03 October, 2010

Birth Regrets?

I know that everyone has at least one thing that they would have liked to change about the birth of their child. It could have been something as small and trivial as wearing their own clothing during birth, or as big as having to have an emergency c-section. Every parent goes through the regrets at some point or another, even dads...

So what is my birth regret? Well, when I got pregnant, I wanted to have an epidural. I had said from day one after having Reilly that I would have an epidural for all of my subsequent births because it was just too painful for me to deal with. That mentality lasted all of a week or two after I got my positive pregnancy test. I had decided that I wanted to try to have a natural, drug free birth. It was the way that millions upon millions of women had given birth before me, and hopefully, millions and millions of women will do so after me. I made a choice to do my research, come up with a plan, educate my husband, and have the birth I wanted.

Well, what happened was...

I read book after book after book on how to prepare myself for child birth, what to expect, why it was better for both me, and baby, to have a natural child birth. EVERYTHING. I bought who knows how many books on the subject. Most of which I still have sitting next to my bed. I started labor, and it was easy peasy. Even my "bad" contractions when we got to the hospital weren't THAT bad. I could still handle them. And then I went into transition.

Transition: Transition is the phase of labor just before the pushing stage. At about 6 or 7 centimeters of dilation, some of the symptoms of "transition" appear. During transition, contractions become very strong, and often their duration and frequency are less predictable.

At this stage of labor, the laboring woman may feel confused or even unable to cope at all. Legs and arms may tremble uncontrollably. Belching, hiccuping, feeling nauseated or even vomiting may occur. Most women recall feeling irritable and often become astonishingly rude. The coach will need to be particularly attentive and encouraging at a time when it is not going to be too rewarding to do so. The extreme changes in body temperature will require the obvious treatment of either adding or removing blankets.

Toward the end of this accelerated phase, but often before the cervix is fully dilated, the laboring women may feel the urge to push (or what feels like the need for a bowel movement). A couple of these signs, but especially the urge to push, often indicate transition.

If no examination has taken place within the preceding half hour, the nurse should be notified of the changes. Even if it has been less than the thirty minutes and the urge to push is strong, immediately notify the attending person of this sensation. The coach's presence is most helpful during this difficult time.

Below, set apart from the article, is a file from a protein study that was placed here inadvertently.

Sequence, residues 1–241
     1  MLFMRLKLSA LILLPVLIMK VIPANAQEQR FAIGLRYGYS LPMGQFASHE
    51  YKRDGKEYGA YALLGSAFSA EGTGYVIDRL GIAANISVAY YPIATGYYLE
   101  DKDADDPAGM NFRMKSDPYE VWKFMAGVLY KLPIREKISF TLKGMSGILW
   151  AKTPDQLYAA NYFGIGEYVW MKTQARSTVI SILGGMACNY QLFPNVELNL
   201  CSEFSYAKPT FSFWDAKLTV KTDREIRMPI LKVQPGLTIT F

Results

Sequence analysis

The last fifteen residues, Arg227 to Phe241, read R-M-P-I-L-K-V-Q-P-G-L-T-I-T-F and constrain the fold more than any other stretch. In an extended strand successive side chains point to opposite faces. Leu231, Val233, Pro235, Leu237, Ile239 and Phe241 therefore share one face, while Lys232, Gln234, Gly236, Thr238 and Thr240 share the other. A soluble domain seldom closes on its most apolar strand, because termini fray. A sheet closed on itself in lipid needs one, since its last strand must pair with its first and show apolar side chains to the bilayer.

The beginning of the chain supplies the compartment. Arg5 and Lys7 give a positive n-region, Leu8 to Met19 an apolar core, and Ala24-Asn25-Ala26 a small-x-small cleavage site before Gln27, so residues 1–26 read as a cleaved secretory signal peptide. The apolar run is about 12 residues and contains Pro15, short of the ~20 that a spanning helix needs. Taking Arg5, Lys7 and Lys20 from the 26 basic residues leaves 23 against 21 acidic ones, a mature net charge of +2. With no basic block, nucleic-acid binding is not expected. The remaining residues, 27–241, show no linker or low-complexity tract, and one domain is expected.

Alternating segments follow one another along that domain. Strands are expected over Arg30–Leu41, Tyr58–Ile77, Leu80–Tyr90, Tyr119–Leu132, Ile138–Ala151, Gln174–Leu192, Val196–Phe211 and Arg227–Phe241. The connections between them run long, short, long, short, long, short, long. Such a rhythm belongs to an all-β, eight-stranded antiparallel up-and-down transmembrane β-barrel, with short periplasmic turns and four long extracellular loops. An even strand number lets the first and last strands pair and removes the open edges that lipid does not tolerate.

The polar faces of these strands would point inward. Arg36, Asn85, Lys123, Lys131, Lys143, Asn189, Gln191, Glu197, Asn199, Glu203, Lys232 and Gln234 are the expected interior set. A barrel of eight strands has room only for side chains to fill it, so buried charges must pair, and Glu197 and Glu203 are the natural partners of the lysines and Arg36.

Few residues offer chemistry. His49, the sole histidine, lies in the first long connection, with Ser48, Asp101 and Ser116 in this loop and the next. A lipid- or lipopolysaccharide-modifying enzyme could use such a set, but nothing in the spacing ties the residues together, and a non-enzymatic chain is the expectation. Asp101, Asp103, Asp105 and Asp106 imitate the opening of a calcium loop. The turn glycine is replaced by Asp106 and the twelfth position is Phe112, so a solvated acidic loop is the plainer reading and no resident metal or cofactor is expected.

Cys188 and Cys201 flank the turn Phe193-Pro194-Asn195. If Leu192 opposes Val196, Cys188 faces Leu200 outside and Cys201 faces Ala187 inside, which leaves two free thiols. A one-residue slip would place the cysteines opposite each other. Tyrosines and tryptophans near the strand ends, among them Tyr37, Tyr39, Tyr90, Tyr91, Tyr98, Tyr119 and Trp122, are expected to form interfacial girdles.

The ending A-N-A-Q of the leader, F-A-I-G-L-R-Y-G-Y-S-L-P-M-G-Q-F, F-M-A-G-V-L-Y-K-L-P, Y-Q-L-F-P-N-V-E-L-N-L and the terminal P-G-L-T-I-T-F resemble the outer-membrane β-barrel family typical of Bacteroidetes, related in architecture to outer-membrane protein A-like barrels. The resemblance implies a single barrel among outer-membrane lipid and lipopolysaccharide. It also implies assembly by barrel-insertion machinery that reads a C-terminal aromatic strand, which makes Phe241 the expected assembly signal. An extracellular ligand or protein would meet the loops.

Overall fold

And then I asked for an epidural. I told Brad I couldn't do it anymore. I didn't wanna have a baby anymore. I was done. Why I didn't figure out that it was transition is beyond me, or anyone else for that matter. I would think that OB's at least would be able to tell where a woman was in labor by how she was acting. But then again, OB's and turned birth into such a medical procedure instead of something that a woman is born to do that it's kind of amazing that they know how to handle a natural birth to begin with.

When I had dead set decided on getting an epidural, and told the nurse, she made a comment that really bothers me, even now. "So you're done trying to be a hero?" Really? REALLY?! You're kidding me right? I wasn't aware that birth was something that gave you a hero status if you did it naturally. Did women hundreds of years ago get medals or something because they gave birth without drugs? Do they get them now? And if so, where the fuck is mine? I digress. That really struck me in a bad way. I feel guilty for even mentioning the words epidural. I'm irritated and mad at myself for thinking I couldn't do it. Bradford was amazing. He kept trying to encourage me to do it the way we had planned...but in the end, he told me that I could do whatever I want. And so I decided.

Luckily for me, Ocho had different plans. She was fast and furious and wanted to get the fuck out NOW. I appreciate her so much for that. She is the sole reason I got the birth I had intended to have from the very beginning, and if either of us should get a medal for being a hero, it should be her.

I know in theory, I have zero reason to beat myself up about it. I did it naturally, with zero drugs, and the only "intervention" I even had was a fetal heart monitor, which was strapped on with barely enough time to catch Ocho's heart rate. But I still do. And I know I'll continue to do so because it makes me feel like a failure to know that I could have not said anything. I could have kept my mouth shut and just dealt with the pain. I could have kept screaming my little head off to get me through it. But I didn't. I bowed down to "the man" and asked for an epidural.

Not next time. I'll be prepared next time. I'll make it through transition. And then they'll have to give ME the medal for being a hero.

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